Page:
WHEN Michael Portillo confronted the growing tide of sleaze allegations against the Government last year he famously saw the accusers rather than the accused as the real criminals.

A "masochistic" elite was dedicated to running down the country and its cherished institutions of Crown, Church and State, he said. The new British disease was "the self-destructive sickness of national cynicism''.

The British constitution is meant to ensure good government. Ministers face ferocious interrogations from sharp-witted representatives of the people. If anything goes wrong in their departments, they are answerable .

But the public no longer believes the system can detect abuse and punish the abusers. A Mori poll released eight weeks ago found that 80 per cent wanted a written constitution, a bill of rights and a freedom of information act to protect them against overmighty government.

The most obvious reason for demanding change is that ministers do not tell the truth to Parliament. Mr Waldegrave publicly admitted there are exceptional circumstances when they could "say something that is untrue in the House of Commons". Even if they were caught telling bare-faced lies, it is unlikely that modern ministers would feel duty-bound to leave office.

A new constitutional doctrine, invented by Kenneth Baker in 1991 after the escape of two IRA suspects from Brixton Prison, has limited accountability. Ministers were not responsible for the administrative failures of their departments, Mr Baker proclaimed, they should only pay with their jobs for "policy failures".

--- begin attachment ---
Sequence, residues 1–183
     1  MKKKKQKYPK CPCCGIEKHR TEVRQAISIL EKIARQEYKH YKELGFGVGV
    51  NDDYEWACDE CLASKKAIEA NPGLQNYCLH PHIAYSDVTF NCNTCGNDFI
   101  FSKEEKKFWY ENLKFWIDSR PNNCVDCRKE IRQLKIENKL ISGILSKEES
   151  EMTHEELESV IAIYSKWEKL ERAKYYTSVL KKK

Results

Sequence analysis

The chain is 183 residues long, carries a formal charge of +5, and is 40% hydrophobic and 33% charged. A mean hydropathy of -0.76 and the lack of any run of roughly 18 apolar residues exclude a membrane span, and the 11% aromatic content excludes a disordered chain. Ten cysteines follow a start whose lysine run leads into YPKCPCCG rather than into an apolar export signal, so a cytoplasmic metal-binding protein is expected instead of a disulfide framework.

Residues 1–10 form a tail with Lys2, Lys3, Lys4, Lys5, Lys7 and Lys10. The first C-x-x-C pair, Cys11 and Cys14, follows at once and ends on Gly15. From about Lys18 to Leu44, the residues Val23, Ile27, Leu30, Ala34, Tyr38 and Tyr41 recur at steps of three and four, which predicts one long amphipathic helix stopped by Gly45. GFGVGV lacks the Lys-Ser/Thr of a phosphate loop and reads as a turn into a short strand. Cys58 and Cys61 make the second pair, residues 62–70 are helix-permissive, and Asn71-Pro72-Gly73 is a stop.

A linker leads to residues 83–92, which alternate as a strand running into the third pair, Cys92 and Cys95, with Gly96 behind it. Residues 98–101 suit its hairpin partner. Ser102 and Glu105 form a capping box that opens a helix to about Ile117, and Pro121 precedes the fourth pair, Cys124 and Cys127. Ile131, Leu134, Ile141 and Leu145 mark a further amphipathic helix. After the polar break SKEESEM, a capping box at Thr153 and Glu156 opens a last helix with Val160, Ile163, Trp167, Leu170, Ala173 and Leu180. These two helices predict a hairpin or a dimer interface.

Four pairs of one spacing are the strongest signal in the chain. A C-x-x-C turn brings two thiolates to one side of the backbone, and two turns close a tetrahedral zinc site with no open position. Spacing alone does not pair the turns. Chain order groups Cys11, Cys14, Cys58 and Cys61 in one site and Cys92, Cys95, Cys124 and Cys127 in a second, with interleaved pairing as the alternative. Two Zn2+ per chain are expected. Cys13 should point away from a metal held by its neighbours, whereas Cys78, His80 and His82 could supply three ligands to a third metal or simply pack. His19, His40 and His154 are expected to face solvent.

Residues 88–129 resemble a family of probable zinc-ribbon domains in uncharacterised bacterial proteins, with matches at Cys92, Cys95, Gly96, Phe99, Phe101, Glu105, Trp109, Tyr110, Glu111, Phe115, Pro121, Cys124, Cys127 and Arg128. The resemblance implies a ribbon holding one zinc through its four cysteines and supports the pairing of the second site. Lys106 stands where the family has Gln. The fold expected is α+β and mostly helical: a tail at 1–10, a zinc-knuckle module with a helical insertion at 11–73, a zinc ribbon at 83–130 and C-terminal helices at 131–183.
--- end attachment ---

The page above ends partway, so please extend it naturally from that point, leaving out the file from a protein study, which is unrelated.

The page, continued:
But no minister responsible for the poll tax disaster left government; indeed, Mr Waldegrave, John Gummer and Michael Howard are still in the Cabinet five years on. When the pound crashed out of the ERM in 1992, Norman Lamont, the then Chancellor, did not leave the Treasury but "sang in the bath". Equally insouciant were the ministers responsible for the Child Support Agency and the failure of Post Office privatisation. The criticisms of Parliament's ability to do its job go far beyond the behaviour of brass-necked ministers. Two years ago the Hansard Society published a report which said that the laws driven through by the whips were so badly drafted that they were often incomprehensible. The refusal to consult and to check that legislation will work mean that, in the words of Jane Hern of the Law Society, judges and lawyers were constantly "trying to find out what [law] is in force, when it came into force . . . and what the hell it means."

The failure of MPs to do their job is matched by the inability of the specialist Commons select committees to find out what each ministry is up to. Civil servants routinely refuse to answer questions from MPs on the committees, a contempt of the legislature which could land them in jail in the United States. Inquiries are met by the brick wall of the "Osmotherly rules", which prevent officials revealing advice to ministers. The rules are a typically British invention. They have no legal force whatsoever, were devised by a mandarin (the eponymous Mr Osmotherly) and could be abolished tomorrow.